But there is a grain of truth to the charge that the OCA despises the johnny-come-latelys it pretends to want to gather to its bosom. There is a pattern of toxic neglect and palpable lack of support for the little pups of the church.

      • Maybe the OCA could learn from the NY diocese of the Russian Church Abroad:

        This new administration was organized in accordance with the by-laws of ROCOR and the traditions of our Diocese. Unlike other jurisdictions, Council and administration members do not possess any authority unless it is given to them expressly by the ruling bishop. This is the tradition of the Orthodox Church, and it is precisely why we have been able to maintain peace in our Diocese. Living in the 21st century, we may be tempted to think that the Church and Her canons must evolve, similar to the way that technology evolves. But this is a temptation that must be avoided at all costs. I am eternally grateful to the dedicated clergy and staff of our administration for preserving peace and harmony in our Diocese, by always being mindful of the directives of the hierarchy.

      • Archpriest John W. Morris says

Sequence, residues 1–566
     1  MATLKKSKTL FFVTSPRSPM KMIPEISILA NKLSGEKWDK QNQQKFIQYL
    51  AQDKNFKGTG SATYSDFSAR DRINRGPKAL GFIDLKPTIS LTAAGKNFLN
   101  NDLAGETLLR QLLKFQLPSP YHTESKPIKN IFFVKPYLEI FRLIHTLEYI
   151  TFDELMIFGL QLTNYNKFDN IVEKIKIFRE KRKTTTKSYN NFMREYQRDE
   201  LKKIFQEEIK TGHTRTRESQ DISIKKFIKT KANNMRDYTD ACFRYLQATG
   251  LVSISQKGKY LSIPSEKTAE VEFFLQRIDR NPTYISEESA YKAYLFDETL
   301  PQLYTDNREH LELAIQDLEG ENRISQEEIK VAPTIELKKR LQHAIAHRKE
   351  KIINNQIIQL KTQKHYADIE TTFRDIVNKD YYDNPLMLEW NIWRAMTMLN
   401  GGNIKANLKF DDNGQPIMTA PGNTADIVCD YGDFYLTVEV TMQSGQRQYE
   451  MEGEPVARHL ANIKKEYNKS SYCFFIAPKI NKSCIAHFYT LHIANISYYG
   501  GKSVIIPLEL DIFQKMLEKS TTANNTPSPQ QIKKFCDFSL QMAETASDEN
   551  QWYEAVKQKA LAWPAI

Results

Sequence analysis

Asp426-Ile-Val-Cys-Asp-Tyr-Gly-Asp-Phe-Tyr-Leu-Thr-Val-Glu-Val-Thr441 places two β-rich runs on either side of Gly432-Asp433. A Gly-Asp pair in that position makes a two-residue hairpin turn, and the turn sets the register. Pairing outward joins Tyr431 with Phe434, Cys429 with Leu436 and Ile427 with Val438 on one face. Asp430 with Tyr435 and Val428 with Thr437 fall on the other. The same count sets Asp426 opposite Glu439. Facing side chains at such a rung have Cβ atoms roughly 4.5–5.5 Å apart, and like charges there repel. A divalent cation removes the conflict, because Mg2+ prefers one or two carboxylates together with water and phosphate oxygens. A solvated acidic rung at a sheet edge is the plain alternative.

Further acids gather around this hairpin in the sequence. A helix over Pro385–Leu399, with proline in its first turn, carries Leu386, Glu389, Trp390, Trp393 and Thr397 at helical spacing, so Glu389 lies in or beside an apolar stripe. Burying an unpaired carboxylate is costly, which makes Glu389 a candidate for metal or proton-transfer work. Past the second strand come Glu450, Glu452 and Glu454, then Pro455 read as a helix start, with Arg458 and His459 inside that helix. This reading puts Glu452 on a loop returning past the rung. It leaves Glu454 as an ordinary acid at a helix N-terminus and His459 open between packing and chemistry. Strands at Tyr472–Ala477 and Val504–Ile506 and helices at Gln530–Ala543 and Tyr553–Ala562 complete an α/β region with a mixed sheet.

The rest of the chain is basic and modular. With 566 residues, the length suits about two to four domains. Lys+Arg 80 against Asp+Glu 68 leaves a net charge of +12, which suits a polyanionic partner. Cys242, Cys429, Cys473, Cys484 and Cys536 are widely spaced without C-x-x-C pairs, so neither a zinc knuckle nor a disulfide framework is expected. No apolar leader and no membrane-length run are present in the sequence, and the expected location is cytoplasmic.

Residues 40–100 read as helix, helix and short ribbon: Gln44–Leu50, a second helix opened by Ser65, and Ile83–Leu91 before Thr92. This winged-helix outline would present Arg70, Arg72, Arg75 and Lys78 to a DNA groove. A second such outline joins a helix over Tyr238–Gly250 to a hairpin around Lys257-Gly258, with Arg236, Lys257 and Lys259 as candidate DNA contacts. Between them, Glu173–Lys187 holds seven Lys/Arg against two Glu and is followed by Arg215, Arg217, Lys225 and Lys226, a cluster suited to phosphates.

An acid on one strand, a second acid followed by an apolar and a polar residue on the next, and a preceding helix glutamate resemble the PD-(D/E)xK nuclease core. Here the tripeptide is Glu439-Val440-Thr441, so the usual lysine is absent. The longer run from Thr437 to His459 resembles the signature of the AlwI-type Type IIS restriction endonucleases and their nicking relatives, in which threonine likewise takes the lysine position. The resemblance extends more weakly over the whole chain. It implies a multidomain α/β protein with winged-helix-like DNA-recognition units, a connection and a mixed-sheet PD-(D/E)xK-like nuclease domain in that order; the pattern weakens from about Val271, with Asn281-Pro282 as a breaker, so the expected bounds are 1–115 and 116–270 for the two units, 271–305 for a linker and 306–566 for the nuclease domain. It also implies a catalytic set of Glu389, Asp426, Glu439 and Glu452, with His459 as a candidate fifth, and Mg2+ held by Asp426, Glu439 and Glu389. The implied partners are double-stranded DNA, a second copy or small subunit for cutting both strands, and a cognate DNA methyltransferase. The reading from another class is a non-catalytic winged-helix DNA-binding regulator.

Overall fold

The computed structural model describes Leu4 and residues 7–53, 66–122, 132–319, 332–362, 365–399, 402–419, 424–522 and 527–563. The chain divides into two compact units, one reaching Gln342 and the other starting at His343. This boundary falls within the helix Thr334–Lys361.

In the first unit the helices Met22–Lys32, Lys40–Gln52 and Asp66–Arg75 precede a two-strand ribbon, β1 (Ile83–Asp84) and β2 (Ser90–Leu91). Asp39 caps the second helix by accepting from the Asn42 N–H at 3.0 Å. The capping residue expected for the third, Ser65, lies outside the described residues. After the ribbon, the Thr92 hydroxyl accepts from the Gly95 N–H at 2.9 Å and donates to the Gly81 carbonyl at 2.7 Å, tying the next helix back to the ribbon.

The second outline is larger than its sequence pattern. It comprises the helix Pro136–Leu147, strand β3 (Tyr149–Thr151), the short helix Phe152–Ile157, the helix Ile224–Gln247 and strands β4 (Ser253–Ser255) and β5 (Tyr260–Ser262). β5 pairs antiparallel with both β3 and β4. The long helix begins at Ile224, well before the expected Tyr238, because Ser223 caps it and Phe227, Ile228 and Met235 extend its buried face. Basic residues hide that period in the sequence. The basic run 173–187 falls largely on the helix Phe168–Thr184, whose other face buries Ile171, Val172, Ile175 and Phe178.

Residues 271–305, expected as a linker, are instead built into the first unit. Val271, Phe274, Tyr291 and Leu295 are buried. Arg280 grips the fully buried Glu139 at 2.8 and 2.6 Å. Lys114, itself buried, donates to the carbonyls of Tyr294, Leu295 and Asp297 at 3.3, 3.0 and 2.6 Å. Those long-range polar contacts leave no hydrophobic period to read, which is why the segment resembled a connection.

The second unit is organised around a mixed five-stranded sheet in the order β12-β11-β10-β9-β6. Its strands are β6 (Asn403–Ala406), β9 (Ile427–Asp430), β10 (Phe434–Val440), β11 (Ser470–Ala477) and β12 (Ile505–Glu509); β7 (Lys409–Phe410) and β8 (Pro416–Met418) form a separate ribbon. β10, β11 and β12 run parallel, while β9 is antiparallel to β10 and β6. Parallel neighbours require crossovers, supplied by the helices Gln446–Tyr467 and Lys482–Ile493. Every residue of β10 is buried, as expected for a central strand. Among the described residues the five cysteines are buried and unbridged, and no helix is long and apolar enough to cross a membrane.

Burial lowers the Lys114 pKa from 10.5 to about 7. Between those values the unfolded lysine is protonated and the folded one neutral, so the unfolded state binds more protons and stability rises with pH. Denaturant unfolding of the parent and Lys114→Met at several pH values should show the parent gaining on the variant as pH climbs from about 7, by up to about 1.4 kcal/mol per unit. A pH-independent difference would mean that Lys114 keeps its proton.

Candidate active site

As an Antiochian Priest for over 32 years, I can honestly say that I do not believe that our Bishops mistreat converts. They have placed converts in too many positions of leadership to justify a charge of ethnocentrism in our Archdiocese. There are some parishes that require an Arabic speaking priest that a convert cannot serve. However, there are also parishes of converts or third generation Americanized descendents of immigrants where an Arab ethnic priest would be a disaster. In the study that was done on American Orthodoxy “Five Interesting Facts…” the Antiochians scored as the least ethnic of all Orthodox jurisdictions in this country.

  3. Oh, how I wish all of our bishops in America (SCOBA) could simply emulate the late, great Archbishop +DMITRI of Dallas and the South. What he did was nothing short of remarkable. And he did it with extreme love and humility. May his memory be eternal.

  4. “One reason for the removal of the dean was because of conflicts of interest that he pointed out regarding one of the members of the board of directors.”